Clear Channel Fires Howard Stern After FCC Sanction

Rhett Pardon
LOS ANGELES – Clear Channel Communications Inc. fired Howard Stern on Thursday after the Federal Communications Commission proposed $495,000 in indecency fines.

Clear Channel suspended Stern in February from its six stations that carry his program, which regularly features graphic sexual discussion and humor. It decided to make the move permanent after the FCC cited the chain for 18 alleged obscenity violations from Stern’s April 9, 2003, show.

One of the largest sanctions ever, the FCC imposed the maximum fine of $27,500 for each of 18 violations on six Clear Channel stations: WBGG in Fort Lauderdale; WTKS-FM in Cocoa Beach, Fla.; WTFX-FM in Louisville, Ky.; KIOZ in San Diego; WNVE in Honeoye Falls, N.Y.; and WSDS-FM in Pittsburgh.

The FCC’s case against Stern’s radio program could go further though, FCC spokeswoman Janice Wise told XBiz.

The regulators are reserving the right to go after Viacom Inc.’s Infinity Broadcasting unit for additional fines related to the same show and perhaps others as well.

Infinity, which employs Stern, airs his show on 18 of its own stations nationwide.

The FCC hammered Clear Channel over the broadcast during which Stern and his cohorts discussed their sexual practices and the use of a personal hygiene product called "Sphincterine."

Stern, through his website, commented that he wasn’t surprised about the fines.

“It is pretty shocking that governmental interference into our rights and free speech takes place in the U.S.,” he wrote. “I’m sure what’s next is the removal of dirty pictures like the 20th Century German exhibit in a New York City Museum and the erotic literature in our libraries.”

Radio personality Jim Holio, who operates the adult webmaster radio show, said that anyone involved with media is “living through some very scary times.”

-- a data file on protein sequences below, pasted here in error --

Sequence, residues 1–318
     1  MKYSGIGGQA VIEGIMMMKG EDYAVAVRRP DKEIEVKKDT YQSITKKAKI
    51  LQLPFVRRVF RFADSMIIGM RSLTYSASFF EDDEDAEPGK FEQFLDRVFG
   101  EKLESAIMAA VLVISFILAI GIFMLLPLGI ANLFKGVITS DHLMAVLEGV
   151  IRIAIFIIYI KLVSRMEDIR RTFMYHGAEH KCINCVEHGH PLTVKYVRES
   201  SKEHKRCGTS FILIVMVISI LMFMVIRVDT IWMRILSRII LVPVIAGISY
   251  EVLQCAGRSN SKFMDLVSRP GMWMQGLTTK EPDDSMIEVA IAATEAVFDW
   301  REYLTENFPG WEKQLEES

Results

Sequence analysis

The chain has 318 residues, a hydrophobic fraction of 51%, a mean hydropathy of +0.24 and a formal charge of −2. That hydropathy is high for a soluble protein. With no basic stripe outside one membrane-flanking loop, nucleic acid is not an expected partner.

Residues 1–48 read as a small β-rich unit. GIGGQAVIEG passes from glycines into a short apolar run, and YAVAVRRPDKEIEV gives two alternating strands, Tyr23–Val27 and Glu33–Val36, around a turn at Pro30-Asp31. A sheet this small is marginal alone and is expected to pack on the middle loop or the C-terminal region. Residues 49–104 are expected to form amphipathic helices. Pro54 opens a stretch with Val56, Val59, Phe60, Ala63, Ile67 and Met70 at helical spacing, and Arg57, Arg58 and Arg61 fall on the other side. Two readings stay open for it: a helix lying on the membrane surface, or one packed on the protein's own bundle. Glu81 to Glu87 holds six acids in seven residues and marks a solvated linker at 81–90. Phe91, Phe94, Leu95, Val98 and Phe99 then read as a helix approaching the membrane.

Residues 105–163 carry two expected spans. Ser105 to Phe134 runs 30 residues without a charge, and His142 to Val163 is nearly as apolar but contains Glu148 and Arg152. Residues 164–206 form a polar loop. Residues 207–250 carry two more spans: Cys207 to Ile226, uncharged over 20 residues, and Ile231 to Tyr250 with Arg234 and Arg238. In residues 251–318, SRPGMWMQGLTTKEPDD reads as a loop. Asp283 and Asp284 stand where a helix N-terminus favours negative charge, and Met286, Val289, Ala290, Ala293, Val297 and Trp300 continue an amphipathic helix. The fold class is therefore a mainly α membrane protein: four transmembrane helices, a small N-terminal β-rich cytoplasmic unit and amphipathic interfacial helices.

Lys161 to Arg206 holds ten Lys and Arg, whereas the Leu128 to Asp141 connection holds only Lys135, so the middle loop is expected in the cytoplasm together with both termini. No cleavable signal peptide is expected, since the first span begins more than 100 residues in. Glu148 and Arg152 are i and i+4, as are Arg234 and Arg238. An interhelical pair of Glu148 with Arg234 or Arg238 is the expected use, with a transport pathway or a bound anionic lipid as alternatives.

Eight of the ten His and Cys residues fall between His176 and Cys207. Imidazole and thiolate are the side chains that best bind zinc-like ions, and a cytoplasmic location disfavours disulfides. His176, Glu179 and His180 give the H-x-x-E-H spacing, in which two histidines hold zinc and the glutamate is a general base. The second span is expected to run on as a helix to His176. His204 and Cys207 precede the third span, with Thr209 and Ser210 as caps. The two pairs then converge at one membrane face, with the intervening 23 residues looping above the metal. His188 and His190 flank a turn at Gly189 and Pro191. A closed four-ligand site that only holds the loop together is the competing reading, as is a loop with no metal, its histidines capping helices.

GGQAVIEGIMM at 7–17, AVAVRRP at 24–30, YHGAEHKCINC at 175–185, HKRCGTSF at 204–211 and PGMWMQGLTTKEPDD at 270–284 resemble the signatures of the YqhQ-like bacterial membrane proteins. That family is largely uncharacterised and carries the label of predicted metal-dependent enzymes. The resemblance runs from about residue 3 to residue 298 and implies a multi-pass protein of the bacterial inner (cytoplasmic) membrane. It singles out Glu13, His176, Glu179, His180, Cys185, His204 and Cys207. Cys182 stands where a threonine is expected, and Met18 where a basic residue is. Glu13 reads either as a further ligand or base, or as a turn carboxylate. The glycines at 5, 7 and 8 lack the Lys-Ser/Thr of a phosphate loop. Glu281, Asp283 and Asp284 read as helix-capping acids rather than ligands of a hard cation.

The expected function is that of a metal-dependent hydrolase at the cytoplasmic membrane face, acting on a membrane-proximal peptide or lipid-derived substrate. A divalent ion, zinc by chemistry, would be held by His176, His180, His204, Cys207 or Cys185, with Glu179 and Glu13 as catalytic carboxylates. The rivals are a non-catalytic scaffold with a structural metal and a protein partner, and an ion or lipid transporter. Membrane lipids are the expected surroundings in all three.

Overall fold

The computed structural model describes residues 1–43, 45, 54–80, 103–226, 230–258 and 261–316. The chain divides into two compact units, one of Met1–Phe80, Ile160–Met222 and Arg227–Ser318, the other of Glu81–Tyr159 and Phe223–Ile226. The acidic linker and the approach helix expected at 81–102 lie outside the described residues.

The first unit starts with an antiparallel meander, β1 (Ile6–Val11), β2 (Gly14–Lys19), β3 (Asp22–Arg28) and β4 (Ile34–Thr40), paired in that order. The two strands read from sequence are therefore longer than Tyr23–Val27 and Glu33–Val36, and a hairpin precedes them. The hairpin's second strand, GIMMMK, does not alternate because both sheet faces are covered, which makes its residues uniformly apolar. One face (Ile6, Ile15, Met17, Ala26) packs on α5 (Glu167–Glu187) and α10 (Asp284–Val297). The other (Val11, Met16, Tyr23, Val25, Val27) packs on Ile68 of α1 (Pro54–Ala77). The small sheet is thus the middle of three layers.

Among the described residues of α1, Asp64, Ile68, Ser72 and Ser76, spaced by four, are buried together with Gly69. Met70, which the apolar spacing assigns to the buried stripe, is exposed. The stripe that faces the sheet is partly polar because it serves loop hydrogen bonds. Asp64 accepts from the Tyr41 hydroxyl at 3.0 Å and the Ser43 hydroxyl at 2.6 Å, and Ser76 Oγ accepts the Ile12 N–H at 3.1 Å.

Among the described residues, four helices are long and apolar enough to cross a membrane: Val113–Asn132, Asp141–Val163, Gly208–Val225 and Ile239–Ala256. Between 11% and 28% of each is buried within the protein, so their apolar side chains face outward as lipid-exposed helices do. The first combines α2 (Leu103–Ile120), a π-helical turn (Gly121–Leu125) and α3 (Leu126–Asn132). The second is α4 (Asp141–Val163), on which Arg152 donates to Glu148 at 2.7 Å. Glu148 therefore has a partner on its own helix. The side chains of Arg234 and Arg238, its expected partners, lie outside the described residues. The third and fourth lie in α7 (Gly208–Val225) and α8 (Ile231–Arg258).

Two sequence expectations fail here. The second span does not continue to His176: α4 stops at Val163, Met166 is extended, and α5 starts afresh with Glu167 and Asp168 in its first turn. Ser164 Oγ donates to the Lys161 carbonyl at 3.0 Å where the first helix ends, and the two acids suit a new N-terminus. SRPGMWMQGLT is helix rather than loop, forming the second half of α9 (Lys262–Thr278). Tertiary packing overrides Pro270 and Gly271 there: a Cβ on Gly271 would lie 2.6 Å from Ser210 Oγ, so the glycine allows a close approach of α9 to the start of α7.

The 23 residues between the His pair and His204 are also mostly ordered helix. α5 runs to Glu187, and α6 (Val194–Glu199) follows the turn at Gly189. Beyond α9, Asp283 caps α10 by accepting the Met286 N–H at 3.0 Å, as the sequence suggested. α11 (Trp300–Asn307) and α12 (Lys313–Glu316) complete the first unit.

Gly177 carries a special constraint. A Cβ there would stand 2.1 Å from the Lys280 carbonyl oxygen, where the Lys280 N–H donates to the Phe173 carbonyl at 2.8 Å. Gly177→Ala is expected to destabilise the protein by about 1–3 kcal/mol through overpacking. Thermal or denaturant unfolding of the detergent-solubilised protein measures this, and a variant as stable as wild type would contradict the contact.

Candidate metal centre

“What we have here are people of power who are deciding First Amendment cases and not objective,” Holio told XBiz. “They are subjective and let other traits of their lifestyles – like religion – dictate others.”

Holio, who also is director of business development for downtown Los Angeles-based DreamTank which hosts, said that the adult industry now has lots to worry about.

“Many think about whether it can affect them,” he said. “The mood now is that there is no end to this.”

In March, the FCC proposed fining Infinity $27,500 for a Stern show broadcast July 26, 2001, on WKRK-FM in Detroit. The show featured discussions about sexual practices and techniques.

Infinity paid $1.7 million in 1995 to settle various violations by Stern. Fines against Stern accounted for almost half of the $4 million in penalties proposed by the FCC since 1990, according to watchdog group The Center for Public Integrity.

Stern has charged on the air that he’s being punished for his criticism of President Bush. Clear Channel’s political action committee and its employees have given $265,800 to Republicans for the 2004 election, more than any other broadcaster, according to the Center for Responsive Politics, a nonpartisan research group.

Also Thursday, the FCC decided not to review a $14,000 penalty for radio station WKQX-FM in Chicago for airing indecent material during “Mancow’s Morning Madness” on two occasions in May 2000.

The FCC ruled indecent a broadcast of a conversation in which the porn star had talked in graphic detail about “fisting.”

The regulators also ruled indecent a segment of the program entitled “Bitch Radio,” where air personality interviewed three women about their sex lives, specifically asking them whether they “spit or swallowed” their partners’ cum after engaging in oral sex.